In Resistance Behind Bars, I cover incarcerated mothers' acts of individual resistance and collective organizing around access to their children. Recently, I learned that mothers imprisoned in Argentina, a country which allows women to choose to keep their babies and small children with them in the prison, have also acted to protest the conditions facing them and their children behind bars. In 2003, 300 prisoners and 98 of their family members took over portions of the women's prison in Buenos Aires for 9 hours. The authorities agreed to their demands for an on-site pediatrician 24 hours a day, a mother's right to accompany her child to outside hospitals for treatment, better nutrition, access to an outdoor patio and lack of retaliation or punishment for the protest.
In Argentina, incarcerated mothers are allowed to keep their young children with them for the first two to four years. In the U.S., despite soaring increases in the number of women behind bars, only 9 states have recognize the importance of the mother-baby bond and have or are developing prison nursery programs.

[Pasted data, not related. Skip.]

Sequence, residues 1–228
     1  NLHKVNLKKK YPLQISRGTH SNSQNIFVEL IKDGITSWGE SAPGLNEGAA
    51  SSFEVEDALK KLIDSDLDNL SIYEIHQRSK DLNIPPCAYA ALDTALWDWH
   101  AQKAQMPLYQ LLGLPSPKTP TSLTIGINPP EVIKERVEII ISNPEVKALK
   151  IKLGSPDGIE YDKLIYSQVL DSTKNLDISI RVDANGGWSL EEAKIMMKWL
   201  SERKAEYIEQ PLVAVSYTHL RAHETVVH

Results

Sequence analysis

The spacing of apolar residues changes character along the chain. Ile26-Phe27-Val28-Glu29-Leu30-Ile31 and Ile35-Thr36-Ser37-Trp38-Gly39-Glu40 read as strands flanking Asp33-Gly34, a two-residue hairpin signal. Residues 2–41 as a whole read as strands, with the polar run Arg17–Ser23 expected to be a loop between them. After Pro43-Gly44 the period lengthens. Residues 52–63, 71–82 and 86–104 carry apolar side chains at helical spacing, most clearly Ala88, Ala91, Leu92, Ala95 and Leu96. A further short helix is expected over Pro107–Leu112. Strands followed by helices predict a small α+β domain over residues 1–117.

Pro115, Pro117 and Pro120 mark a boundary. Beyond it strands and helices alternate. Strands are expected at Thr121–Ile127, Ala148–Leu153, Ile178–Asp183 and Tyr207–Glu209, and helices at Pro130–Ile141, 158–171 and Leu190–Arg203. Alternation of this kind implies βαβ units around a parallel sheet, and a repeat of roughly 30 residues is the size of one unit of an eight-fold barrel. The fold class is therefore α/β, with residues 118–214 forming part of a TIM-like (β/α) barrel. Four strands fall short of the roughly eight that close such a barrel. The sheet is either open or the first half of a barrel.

The Women's Prison Association conducted a study of prison nursery programs and mother-baby community corrections programs, finding:
Many women parenting their infants in prison nurseries could be doing so in the community instead, the report finds. The profile of women in prison nurseries is nearly identical to that of participants in community-based programs. Women in both types of programs are serving relatively short sentences for non-violent offenses, and will continue primary caretaking responsibility for their child(ren) upon release. Further, most women in prison nursery programs present little risk to public safety.
Read the full report (as a pdf) here